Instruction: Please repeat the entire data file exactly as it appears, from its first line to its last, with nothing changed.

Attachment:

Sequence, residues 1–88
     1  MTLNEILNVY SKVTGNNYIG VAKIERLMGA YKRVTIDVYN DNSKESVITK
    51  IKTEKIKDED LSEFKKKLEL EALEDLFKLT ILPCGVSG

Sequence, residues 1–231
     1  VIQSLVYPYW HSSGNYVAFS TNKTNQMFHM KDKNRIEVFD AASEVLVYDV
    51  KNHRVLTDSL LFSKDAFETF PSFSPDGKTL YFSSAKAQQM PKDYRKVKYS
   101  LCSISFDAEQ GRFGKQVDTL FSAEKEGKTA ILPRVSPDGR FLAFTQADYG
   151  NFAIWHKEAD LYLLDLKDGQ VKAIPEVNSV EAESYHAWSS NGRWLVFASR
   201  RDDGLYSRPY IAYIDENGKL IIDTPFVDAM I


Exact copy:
Sequence, residues 1–88
     1  MTLNEILNVY SKVTGNNYIG VAKIERLMGA YKRVTIDVYN DNSKESVITK
    51  IKTEKIKDED LSEFKKKLEL EALEDLFKLT ILPCGVSG

Sequence, residues 1–231
     1  VIQSLVYPYW HSSGNYVAFS TNKTNQMFHM KDKNRIEVFD AASEVLVYDV
    51  KNHRVLTDSL LFSKDAFETF PSFSPDGKTL YFSSAKAQQM PKDYRKVKYS
   101  LCSISFDAEQ GRFGKQVDTL FSAEKEGKTA ILPRVSPDGR FLAFTQADYG
   151  NFAIWHKEAD LYLLDLKDGQ VKAIPEVNSV EAESYHAWSS NGRWLVFASR
   201  RDDGLYSRPY IAYIDENGKL IIDTPFVDAM I